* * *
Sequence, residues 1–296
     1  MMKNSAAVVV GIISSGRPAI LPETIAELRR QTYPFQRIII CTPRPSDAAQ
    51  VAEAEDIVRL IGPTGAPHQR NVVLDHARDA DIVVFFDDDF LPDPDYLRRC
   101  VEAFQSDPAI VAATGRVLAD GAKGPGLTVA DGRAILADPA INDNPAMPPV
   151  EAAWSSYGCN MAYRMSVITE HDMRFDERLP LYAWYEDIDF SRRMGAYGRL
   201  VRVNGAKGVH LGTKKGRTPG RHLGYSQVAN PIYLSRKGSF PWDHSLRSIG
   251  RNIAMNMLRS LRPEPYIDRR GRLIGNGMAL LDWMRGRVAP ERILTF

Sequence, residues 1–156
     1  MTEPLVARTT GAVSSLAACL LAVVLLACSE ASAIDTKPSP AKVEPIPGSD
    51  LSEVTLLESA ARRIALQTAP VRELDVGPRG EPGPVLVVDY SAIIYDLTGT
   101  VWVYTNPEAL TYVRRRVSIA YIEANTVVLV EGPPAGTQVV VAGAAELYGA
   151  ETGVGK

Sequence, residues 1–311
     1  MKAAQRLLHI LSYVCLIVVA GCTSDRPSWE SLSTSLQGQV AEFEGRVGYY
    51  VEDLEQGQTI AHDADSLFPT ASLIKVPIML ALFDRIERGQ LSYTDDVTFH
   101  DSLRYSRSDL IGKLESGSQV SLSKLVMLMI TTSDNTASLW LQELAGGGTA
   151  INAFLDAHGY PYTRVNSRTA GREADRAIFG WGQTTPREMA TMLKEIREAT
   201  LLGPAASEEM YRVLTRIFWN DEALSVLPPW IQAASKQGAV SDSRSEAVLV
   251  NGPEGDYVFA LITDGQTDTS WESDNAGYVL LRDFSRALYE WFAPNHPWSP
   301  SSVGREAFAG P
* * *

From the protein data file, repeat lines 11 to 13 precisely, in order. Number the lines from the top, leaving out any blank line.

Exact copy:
   101  VWVYTNPEAL TYVRRRVSIA YIEANTVVLV EGPPAGTQVV VAGAAELYGA
   151  ETGVGK

Sequence, residues 1–311